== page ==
Renovation projects are flourishing and the city centers of Porto and Lisbon have become awash tourists.

For Lé Costa the crisis has now become a cash machine - last year, his company made a cool €2.5 million from short-term rentals.

But that is a mere drop in the ocean.

Portugal is raking in almost €5 billion thanks to this scheme to revive the real estate and tourist market.

And with no more austerity policies in sight for the time being, the country was proud to announce its return from the brink.

But as is often the case, filling the pockets of one citizen, means emptying the pockets of many more.

Making way for a miracle

In the heart of the old town of Porto, Irma Sousa feels increasingly foreign in her own neighbourhood.

The social worker who works for city hall, has the thankless task of helping residents who face eviction from their homes due to soaring rent prices and frozen wages.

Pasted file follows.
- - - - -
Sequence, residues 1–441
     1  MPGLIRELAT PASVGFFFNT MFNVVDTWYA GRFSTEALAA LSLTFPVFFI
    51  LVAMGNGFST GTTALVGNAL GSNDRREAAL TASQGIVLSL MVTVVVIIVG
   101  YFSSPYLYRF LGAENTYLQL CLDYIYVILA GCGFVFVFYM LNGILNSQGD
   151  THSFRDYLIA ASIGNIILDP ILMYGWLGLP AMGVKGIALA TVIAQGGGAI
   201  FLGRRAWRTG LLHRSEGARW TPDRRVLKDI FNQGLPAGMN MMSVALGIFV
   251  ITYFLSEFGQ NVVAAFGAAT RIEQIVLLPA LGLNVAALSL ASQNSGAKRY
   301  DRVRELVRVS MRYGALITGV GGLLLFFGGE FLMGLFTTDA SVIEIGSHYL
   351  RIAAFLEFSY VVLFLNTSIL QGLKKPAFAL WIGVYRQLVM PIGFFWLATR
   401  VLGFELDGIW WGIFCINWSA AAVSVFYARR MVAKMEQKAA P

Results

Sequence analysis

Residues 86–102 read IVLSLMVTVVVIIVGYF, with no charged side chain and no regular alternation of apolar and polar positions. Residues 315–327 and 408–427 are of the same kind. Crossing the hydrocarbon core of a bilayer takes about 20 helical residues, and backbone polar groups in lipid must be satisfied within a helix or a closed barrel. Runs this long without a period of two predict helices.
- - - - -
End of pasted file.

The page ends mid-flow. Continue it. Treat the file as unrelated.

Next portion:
"It has changed a lot, we have lost a lot of people in the historic center," she muses.

"Because rents have increased exponentially. And income, especially for the oldest people, cannot match up to the prices charged today. We speak for people with a pension of €250 or €280 per month and with that, today you cannot even pay for a room in the city center."

In 2012, the government amended the law in favor of property owners - drawing the rights of those living in rental properties into question.

The eviction of occupants in the event of renovation of the premises became much easier.

One evicted resident, Otelinda de Jesus Pinto, 74, lives on the ground floor of one dilapidated building in the city's old town.

She's lived there her entire life, seen her children grow up and flee the coop, and never thought that one day she would be told to leave.

When she received a notice of eviction for unpaid bills, she knew her time was up.

With a pension of just €282 euros per month, keeping up with the rent became impossible.

"What will I do now that I have received this eviction notice?" she asks, desperately.

"I'm going to have to collect my things and put everything in boxes.

"In these old houses where we live, where we have always lived, where we raised our children, where we have our roots, this is what the government should be concerned about! Not tourists!"

'Paralyzing possibility'